Our CEO & Founder Luigi Matrone offers brands and retailers a look at what successful shopping experiences will look like in ‘the New Normal’.
Is your organisation struggling to understand how it needs to change in order to, not just survive, but thrive in today’s rapidly evolving eCommerce environment? Our Free Introductory Webinar ‘H.O.W to Master Online Retailing’ on Thursday 29th October will provide the answers. Register now to attend.
Preparing for the New Normal
eCommerce was already sharply on the rise before the global COVID-19 crisis – and its popularity has skyrocketed during lockdown.
My prediction at the beginning of lockdown was that online shopping behaviours developed during quarantine will solidify, resulting in greater numbers of consumers becoming more willing to regularly buy products online in the long-term. And I stand by that prediction.
So, is physical shopping dead?
There will still be plenty of appetite for physical shopping in the New Normal.
The challenge for brands and retailers will be to create Omnichannel strategies and approaches with eCommerce at their heart that seamlessly blend digital and physical to create outstanding customer experiences (CX).
Fierce competition as brands strengthen their digital presence
Forward-thinking brands have seen the new online shopping phenomenon that has emerged during quarantine as an opportunity to increase market share and digital share of voice.
These brands have strengthened their online presence by investing in digital activations such as Retail Search, Product eContent that entices shoppers and Retail Digital Media (RDM) that captures consumers at the point in their journey when they are most likely to buy.
Premium fruit juice brand Frobisher’s, for instance, swiftly pivoted their business to sell direct to consumers via Amazon when it realised that its main customer base – bars, cafes and restaurants – would have to close during lockdown. And Frobisher’s have reaped the rewards for their bold digital approach.
The smartest and best-prepared brands have used tools like Big Data & AI to track consumer trends and behaviours that allow them to see who is buying what and when. And these rich insights have helped inform strategy and tactics when it comes to managing the supply chain or increasing the effectiveness of digital activities.
Brands will have greater opportunities to reach new customers online than ever before. Online shopping behaviours formed during lockdown will set in. Brands with strong data cultures will be able to tap into incredibly rich seams of insights about consumers.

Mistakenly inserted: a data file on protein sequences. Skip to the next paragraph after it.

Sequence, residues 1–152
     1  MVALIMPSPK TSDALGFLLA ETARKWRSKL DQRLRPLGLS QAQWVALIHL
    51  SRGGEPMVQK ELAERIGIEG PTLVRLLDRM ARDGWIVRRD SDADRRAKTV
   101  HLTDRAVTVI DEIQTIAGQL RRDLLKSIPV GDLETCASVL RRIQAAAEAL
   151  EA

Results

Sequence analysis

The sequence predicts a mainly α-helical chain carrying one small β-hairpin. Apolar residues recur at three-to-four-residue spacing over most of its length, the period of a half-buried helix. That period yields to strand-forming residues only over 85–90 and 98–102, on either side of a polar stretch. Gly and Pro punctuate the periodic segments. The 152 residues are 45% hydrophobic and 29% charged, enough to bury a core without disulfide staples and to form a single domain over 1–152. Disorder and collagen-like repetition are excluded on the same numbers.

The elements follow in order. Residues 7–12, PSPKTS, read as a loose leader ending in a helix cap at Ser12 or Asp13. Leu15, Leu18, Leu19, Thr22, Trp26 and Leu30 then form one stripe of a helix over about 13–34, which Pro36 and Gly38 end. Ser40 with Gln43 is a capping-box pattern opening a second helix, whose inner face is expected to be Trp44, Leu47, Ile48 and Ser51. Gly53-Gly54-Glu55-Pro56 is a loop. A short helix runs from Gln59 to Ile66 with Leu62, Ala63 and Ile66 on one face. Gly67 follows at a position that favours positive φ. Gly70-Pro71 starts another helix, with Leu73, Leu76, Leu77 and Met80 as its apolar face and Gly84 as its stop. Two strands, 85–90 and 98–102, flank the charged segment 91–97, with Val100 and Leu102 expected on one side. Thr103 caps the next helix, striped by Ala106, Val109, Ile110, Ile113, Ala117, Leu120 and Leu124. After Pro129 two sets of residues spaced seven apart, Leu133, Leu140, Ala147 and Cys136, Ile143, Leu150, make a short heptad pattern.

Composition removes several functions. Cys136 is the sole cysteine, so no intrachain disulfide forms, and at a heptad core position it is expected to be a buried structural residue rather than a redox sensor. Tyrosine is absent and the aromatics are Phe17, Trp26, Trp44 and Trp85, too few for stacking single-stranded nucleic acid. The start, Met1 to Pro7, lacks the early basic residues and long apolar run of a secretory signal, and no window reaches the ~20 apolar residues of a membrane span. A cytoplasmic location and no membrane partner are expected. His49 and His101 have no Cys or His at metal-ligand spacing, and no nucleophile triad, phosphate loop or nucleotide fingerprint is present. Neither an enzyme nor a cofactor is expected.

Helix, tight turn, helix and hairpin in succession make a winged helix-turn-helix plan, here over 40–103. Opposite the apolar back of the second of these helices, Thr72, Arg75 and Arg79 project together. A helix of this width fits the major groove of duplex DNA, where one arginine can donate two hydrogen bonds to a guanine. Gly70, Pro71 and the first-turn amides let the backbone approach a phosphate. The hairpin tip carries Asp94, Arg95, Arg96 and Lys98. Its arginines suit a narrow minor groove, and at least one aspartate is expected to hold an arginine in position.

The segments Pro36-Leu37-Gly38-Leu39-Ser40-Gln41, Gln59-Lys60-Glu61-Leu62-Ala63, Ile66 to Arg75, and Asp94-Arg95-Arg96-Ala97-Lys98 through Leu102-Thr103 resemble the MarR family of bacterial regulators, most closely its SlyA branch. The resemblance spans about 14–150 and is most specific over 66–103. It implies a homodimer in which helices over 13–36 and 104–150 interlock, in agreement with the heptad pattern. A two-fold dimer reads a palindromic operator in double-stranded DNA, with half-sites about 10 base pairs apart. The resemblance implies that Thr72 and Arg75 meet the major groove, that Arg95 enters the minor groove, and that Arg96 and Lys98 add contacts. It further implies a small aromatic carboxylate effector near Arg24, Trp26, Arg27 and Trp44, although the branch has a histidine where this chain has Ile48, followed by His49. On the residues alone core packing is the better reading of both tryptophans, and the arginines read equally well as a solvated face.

But, while that’s an opportunity for brands, it also means that competition will intensify. Your competitors will be investing heavily in strengthening their digital presence and creating experiences that attract more customers – your customers, potentially.
It’s vital that you don’t get left behind, and that you instead improve customer experiences, Product eContent, service and your overall digital offering.
And, if you’re not a wholly online retailer, you need to greatly elevate the in-store experience by leveraging digital tools or approaches.
Blending digital and physical to thrive during lockdown
Sustainable footwear brand Allbirds launched a store on Alibaba’s Tmall last year – before the world came to know about what has become the global COVID-19 pandemic.
Allbirds had been operating with an approach that seamlessly blended offline and online sales. And this integrated operational infrastructure proved to be a lifeline during lockdown.
When Covid-19 disrupted offline traffic and activities, Allbirds were able to use staff from brick-and-mortar stores to fulfill online orders. This swift offline-to-online pivot was possible because the brand’s eCommerce and physical stores had unified inventory and logistics operations.
As a result, the brand has not experienced an interruption in meeting consumer demand during lockdown.
And Allbirds have been brave. They also took the pandemic as an opportunity to innovate with new digital tools.
For instance, they launched a feature that enables Tmall shoppers to connect with store staff via video chat, enabling customers to ask questions and see product displays as if they were at a physical store. This has proven to be such a popular feature with customers during lockdown that Allbirds are exploring ways to preserve it post-lockdown.
What can physical experiences offer that digital can’t?
The benefits of online shopping experience during lockdown – such as convenience, ‘shop anywhere anytime’ and product search, to name but a few – have thrown the limitations of physical shopping into stark relief.
But champions of physical retailing shouldn’t lose heart. People that have been stuck inside for ages will be desperate to get out and hit the shops.
Physical retailers should be thinking imaginatively, along the lines of “What can physical stores do or offer that the online shopping experience can’t?”.
Superior service, for instance. In-store events or promotions. And many people will still be far more comfortable going into physical locations to buy expensive luxury items like new sofas, cars, tailored clothes or even electronics than they will be buying them online.